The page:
Always Strange

Illustrator, Sculptor, Mixed Media Artist

More Science Illustrations

Anna SokolovComment

In one of my previous posts I opened up a conversation about combining art with science - two of the things I spend a lot of my time on and quite enjoy. In this post I'll reveal the details of a commission piece I did last year for another scientific journal and this time it involved a lot more creativity and was great fun to make. 

Final drawing!

A few years back, when I suddenly decided to move to New York City, I started working in a tissue engineering lab at Columbia to help pay for grad school. It was a fantastic lab to work in, first as a laboratory manager and then their administrative coordinator. I was surrounded by a large and multidisciplinary group of bright young researchers excited to add to the existing knowledge about heart and bone tissue engineering and create novel biomedical solutions to damaged hearts/cardiovascular systems and bone deformities. They were all about combining two seemingly separate disciplines (engineering and biology) in a way that propelled the field forward at lightening speed. Recently, this lab generated a startup company for bone engineering. Aside from being completely enthralled with what seemed like science fiction just years prior this lab's environment really spoke to my love and passion for combining anatomy/physiology with art. I couldn't be happier when one lab member reached out to me a few years later asking to collaborate on a creative illustration for her most recent research publication about Ewing's Sarcoma in a multidisciplinary journal TheranosticsIn this journal link you'll see that our collaborative illustration project (and her publication) appear halfway down the page.

In order to get this creative project off the ground we first connected over email due to me being in Seattle and the research team in New York City. We exchanged initial ideas and jointly came up with a concept, drawing from cultural references in Star Wars, The Jetsons and Miyazaki's incredible animated films. Then I got to work on an initial sketch. Both of us really wanted this to succeed so we had plenty of back and forth communication, which slowly helped structure this process.

The initial idea centered around an island city or a world with various structures and functions within it. The world itself represents the cell or a complex multi-functional entity that has a lot of activity within it. The space ships are the transport vesicles, inside which there are little creatures that can direct cargo inside the ship away from the world and invade other worlds with it. All of this is an artistic representation of what happens on a cellular level, particularly when it comes to cancer cells and signaling between cells. 

Rough sketch of the city-island world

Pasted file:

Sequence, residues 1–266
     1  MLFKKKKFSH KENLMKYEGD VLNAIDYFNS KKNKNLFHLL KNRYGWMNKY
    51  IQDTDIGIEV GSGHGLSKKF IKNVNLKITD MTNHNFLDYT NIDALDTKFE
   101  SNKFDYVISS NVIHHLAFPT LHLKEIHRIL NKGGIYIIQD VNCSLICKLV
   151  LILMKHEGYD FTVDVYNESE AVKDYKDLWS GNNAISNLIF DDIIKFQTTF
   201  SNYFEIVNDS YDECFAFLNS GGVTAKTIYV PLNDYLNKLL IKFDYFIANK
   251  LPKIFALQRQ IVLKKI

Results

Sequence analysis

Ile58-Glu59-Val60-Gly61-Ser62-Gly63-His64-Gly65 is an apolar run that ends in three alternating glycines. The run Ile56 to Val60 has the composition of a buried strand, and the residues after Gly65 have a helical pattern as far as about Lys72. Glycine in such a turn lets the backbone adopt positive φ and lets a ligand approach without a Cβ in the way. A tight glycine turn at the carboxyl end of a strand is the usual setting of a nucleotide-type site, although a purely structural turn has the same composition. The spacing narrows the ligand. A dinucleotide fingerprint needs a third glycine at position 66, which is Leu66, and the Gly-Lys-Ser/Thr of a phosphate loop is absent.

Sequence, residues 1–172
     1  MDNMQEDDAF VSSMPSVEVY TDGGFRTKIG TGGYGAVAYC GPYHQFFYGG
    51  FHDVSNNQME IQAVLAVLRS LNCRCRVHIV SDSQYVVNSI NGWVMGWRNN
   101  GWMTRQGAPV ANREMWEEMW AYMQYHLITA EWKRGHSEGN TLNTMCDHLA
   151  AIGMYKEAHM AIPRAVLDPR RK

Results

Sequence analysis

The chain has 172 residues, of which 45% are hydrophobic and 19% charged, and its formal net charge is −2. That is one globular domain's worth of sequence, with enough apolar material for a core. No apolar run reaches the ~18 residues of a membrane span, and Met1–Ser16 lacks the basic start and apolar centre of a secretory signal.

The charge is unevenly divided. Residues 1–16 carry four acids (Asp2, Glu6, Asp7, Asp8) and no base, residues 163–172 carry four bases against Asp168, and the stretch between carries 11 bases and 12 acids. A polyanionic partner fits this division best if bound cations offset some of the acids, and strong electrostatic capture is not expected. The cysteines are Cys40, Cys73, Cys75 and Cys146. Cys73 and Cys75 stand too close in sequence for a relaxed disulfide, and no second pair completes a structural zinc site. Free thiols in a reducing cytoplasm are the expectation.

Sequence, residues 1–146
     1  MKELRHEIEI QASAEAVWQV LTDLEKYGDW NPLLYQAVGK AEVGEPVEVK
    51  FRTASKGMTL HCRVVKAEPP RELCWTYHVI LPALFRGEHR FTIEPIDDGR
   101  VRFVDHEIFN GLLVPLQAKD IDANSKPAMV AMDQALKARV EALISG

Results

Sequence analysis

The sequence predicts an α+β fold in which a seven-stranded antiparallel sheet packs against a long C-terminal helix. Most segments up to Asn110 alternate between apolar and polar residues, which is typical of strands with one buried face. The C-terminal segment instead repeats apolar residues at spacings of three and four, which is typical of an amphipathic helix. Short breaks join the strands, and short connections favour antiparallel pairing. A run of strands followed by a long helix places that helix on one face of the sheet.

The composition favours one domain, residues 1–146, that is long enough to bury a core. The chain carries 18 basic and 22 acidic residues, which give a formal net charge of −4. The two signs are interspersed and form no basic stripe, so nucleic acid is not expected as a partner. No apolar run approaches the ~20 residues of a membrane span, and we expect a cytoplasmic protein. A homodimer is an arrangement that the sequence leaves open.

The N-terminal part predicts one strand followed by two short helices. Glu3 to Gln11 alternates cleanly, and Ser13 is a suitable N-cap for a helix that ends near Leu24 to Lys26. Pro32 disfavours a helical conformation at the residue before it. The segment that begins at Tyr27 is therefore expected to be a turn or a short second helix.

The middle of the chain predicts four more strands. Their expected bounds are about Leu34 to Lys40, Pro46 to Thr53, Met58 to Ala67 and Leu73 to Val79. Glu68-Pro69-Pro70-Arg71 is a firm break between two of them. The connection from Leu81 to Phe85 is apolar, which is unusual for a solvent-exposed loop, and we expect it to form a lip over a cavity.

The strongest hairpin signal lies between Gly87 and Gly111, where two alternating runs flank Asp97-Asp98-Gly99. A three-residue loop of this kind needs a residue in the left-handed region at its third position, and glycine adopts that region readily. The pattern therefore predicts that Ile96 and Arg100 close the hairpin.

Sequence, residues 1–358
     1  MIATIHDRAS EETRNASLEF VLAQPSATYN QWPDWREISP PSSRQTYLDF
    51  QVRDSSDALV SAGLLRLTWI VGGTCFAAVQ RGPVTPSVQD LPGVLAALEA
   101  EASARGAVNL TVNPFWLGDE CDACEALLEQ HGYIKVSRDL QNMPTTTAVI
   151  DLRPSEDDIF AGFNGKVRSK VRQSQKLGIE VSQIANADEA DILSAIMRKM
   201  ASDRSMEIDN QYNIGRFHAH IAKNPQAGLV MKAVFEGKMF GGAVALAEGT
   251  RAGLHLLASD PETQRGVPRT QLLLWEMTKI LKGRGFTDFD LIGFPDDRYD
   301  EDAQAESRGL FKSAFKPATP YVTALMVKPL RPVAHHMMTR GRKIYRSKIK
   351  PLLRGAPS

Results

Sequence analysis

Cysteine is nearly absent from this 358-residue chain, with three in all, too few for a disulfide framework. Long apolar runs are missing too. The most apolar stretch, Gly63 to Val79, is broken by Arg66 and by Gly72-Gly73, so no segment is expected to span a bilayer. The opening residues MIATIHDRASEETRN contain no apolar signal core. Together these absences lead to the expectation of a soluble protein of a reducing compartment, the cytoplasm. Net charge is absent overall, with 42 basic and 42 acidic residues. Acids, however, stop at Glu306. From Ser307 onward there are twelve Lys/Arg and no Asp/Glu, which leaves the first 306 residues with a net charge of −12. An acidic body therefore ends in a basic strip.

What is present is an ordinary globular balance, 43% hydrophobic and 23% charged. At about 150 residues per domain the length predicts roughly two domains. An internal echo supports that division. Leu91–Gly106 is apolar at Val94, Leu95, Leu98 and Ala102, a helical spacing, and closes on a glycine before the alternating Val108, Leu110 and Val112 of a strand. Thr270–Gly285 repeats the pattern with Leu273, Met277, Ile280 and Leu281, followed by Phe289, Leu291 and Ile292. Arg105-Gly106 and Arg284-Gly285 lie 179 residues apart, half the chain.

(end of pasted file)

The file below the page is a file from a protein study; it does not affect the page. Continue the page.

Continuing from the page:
One of the initial idea sketches

A snippet of the final illustration

Over several iterations this little world's edges became softer, its buildings and structures began resembling more organic cellular blocks that incorporate within their structure concepts of tissue engineering, since this is what the lab works on. Slowly, this image came together and was what the team was excited about. Then this image was submitted to the scientific journal for evaluation for that month's cover illustration.

I had a fantastic time working on this project and am tremendously thankful that this research team contacted me in the first place. Although the cover illustration didn't win that month's contest, it doesn't take away from the fact that another successful blending of art and science took place. 

HERE you can read the finalized scientific publication and learn more about Ewing's Sarcoma and the ongoing tissue engineering research that is taking place. 

Stuff-A-Bear

Anna SokolovComment

Every time I feel down or anti-social for some reason I turn to sewing. Back in college, right around the last Christmas before graduating, nothing felt better than cozying up in front of the TV with a wonderful sewing project to focus on. Perhaps it was the frigid western NY winter that drew me inside and into a warm blanket fort, or maybe it was the uncertainty that came with graduating right around the 2008 recession. 

Regardless of the reason, something special came from spending many hours with a needle and some thread - some of my 2D creatures started coming to life! The very first project was an ambitious ~40 inch tall gorilla monkey made from faux suede fabric, originally intended for a couch re-upholstery project that failed miserably. A dozen feet of great fabric weren't going to go to waste at my house, so the monkey idea naturally came to mind. The bigger the better, I thought. Oh, and regarding the stuffing - well, I had a big pile of old clothes I didn't need anymore, so in essence, the monkey also became a time capsule of old threads. 

Since this was so much fun and I still had a lot of time left before the spring semester rolled around, I decided to create a couple of other creatures to use as presents. They were #2 and #3 in the "Always Strange stuffed 3D collection" and they now live with my parents in upstate NY. My mom thoughtfully knitted them some warm sweaters and scarves, as winters in NY can be brutal. We wouldn't want their fuzzy tails to freeze and fall off.

Since then things were great. I didn't feel the need to pick up a needle in quite some time. But this fall, during such a stressful election, everything changed. I'm not one for dwelling on negativity so here I was again, with another dozen feet of re-purposed fabric in hand, ready to create something adorable. Something that I could look at and smile about. Enter the current teddy bear project! Here are some progress shots:

Sewing is a great way to relieve stress. I recommend you try it. You'll be surprised what creature will come to life for you to smile about on a rainy day.

This very bear is available for sale through my SHOP.

Illustration for a Science Journal

Anna SokolovComment

For any of you who might not know, I have a science background/education and currently work in the field of public health, specifically in research administration. My early years involved quite a bit of laboratory work where I spent my days in a lab coat and gloves, standing at a bench, pipetting small liquids from one vial into another (there were also Bunsen burners involved, as well as cool chemical reactions). At my first real job out of college I joined a laboratory in New York City. My boss, a Principal Investigator (PI) was just starting his own laboratory and he only hired me (and no one else) to help him set up this brand new lab. Due to such low number of helping hands I inadvertently became a Jane-of-all-trades for a while.